We hadn’t actually decided where we were going yet. Or options included the northern part of the Berry Islands, Andros, or towards New Providence Island where we could jump off to the Exumas. After much consideration of where the wind might blow us the best, we decided to keep with our original plan of heading straight to the Exumas. Our friends Sara and Trevor are in the Exumas and we are hoping to catch up with them. If we dallied around the Berrys or Andros, we would probably never find them. It was fun for awhile, entertaining the idea that we could just end up at whatever island the wind blew us to, the only problem is that either there was no wind or the wind was coming from the direction we wanted to go…..such is the life of “sailors”.

By 5:30 the winds started blowing out of the east–right on our nose. Knowing that it would only pick up from there, we decided we’d better book it all the way across the banks now rather than later. Heading east across the bank in a strong head wind means lots of CHOP. So we found an anchorage on the map just a few miles from the Northwest Channel “Light” and got ready for another six hours before we could stop the boat.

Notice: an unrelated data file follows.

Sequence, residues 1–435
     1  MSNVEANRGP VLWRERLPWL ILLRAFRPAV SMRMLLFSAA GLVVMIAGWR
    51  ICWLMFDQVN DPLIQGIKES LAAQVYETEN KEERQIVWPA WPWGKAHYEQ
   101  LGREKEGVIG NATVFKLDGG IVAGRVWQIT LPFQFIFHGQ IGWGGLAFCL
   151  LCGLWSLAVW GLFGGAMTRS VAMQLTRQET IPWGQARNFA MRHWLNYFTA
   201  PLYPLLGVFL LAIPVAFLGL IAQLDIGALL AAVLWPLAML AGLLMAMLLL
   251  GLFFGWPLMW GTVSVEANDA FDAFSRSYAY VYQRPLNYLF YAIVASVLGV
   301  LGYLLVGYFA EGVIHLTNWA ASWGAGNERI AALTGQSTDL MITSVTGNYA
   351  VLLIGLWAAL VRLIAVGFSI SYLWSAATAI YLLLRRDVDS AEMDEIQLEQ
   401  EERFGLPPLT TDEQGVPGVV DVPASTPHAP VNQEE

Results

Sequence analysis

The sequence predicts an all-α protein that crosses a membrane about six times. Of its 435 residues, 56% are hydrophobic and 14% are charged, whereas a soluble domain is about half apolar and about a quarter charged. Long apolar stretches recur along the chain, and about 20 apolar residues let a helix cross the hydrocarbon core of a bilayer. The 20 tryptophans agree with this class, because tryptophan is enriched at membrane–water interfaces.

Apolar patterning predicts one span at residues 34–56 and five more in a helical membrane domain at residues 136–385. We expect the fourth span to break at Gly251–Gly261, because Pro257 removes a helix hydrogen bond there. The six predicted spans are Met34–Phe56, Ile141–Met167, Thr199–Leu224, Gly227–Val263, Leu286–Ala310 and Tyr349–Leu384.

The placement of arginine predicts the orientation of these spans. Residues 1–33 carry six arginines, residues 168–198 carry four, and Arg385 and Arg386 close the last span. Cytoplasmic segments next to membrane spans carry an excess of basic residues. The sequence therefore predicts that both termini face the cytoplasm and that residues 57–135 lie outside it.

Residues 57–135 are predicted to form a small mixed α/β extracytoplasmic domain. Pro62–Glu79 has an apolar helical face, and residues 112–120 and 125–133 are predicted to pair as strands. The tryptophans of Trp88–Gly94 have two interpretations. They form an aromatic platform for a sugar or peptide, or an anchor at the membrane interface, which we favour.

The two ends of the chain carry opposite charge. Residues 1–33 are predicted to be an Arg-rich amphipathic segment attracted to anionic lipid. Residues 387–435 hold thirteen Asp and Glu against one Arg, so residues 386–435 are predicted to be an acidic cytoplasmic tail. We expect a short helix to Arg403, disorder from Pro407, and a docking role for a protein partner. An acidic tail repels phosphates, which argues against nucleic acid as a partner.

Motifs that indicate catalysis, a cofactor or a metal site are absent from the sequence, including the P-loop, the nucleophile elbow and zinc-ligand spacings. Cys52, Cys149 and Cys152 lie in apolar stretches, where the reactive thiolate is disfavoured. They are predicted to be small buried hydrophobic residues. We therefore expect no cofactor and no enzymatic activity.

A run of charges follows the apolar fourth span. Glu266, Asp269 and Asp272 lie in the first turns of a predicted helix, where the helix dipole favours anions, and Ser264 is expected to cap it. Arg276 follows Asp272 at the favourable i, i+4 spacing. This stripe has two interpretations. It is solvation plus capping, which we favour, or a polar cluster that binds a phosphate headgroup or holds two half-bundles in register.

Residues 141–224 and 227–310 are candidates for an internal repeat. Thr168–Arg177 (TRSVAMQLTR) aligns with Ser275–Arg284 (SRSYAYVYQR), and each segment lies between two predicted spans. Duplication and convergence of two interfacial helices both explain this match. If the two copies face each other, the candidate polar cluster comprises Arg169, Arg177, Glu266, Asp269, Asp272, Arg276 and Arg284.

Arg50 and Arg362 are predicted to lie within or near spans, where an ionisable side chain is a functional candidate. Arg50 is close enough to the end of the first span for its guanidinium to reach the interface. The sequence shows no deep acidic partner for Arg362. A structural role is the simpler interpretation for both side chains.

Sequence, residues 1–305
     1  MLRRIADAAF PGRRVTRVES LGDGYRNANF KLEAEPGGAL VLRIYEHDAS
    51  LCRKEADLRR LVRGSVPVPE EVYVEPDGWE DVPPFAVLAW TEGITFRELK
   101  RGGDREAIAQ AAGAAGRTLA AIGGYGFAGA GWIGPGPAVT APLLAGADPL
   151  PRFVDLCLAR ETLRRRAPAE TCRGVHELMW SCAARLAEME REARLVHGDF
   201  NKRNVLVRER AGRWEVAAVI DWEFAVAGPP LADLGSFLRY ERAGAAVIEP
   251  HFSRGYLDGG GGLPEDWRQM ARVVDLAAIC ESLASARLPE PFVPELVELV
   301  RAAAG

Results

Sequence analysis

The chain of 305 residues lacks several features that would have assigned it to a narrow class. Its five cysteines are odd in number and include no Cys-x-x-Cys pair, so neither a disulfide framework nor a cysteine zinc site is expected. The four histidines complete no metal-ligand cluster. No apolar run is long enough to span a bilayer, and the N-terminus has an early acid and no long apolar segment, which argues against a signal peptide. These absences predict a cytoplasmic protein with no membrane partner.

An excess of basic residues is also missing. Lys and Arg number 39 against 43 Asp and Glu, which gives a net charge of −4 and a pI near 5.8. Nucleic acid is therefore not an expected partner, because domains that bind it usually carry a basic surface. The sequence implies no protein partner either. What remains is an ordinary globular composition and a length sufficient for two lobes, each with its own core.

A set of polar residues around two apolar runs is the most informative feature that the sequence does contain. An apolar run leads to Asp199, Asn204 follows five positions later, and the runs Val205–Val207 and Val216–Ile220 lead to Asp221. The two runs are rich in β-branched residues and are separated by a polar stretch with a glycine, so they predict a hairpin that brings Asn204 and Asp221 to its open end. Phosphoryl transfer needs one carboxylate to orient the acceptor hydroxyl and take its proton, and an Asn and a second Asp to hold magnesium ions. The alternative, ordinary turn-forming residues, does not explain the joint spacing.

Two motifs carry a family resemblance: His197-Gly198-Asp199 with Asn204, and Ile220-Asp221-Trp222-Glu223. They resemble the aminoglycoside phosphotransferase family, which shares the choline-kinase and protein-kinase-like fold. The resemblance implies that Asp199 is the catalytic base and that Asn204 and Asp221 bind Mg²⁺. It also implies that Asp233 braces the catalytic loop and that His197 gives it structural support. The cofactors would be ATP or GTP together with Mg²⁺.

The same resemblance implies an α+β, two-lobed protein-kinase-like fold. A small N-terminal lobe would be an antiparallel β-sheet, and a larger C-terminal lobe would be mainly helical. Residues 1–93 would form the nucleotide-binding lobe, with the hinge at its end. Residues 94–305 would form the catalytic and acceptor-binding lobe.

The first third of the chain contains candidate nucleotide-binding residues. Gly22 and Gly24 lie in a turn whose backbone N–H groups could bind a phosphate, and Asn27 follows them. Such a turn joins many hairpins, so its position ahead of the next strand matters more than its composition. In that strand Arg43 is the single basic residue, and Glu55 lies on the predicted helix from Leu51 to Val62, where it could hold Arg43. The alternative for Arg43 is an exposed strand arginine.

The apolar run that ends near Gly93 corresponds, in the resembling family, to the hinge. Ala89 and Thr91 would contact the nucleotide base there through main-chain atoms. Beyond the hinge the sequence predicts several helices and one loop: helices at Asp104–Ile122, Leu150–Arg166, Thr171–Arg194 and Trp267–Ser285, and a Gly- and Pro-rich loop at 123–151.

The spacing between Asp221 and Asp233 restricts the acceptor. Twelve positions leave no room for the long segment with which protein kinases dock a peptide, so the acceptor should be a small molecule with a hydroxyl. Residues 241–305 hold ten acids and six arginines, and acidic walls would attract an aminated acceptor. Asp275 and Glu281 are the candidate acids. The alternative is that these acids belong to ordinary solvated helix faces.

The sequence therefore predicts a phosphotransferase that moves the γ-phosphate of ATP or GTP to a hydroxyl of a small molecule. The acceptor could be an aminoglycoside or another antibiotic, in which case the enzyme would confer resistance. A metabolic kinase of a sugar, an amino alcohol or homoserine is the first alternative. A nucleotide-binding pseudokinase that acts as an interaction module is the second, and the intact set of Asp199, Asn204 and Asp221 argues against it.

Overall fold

Sunset while crossing the Banks

It wasn’t bad though. It was the night of the full moon. The sun set at 7:30 and the moon rose at 7:30 too. So we were graced with a stunning sunset in the west and anticipation of a full moon rise in the east. By the time the moon was high overhead, Dolphins came to swim with our boat–dancing back and forth underneath the bow in the moonlight. the air was warm, and we saw a few other boats pass in the night. It was amazing to be in just 15 feet of water with no land anywhere in sight for hour after hour after hour. It was truly eerie.

Full Moon Rising on the Banks

After midnight we were exhausted. We’d gotten up at 06:30, so it had been a long day. We made it just northeast of the Northwast Shoal marker which actually doesn’t exist. It’s now just a GPS cooardinate on the chart of where a marker used to be. Regardless, we anchored a mile northeast of it which would keep us safely out of the channel but close enough where tomorrow we could get right back on our route.

A while after we stopped and settled into being still the cats came out of hiding and explored the deck of the boat. Mojo meowed the most mournful cry that seemed to say “HELLLOOOOOOOOOOOOOOOOOOOOOO???????” “Is ANNNNYYYYYoOOOOONNNEEEEE OOOUUUUUUTTTTTT TTHHHHHHHEEEEERRREEEE???????” We could tell he was thinking “where the hell are we? what the F…?”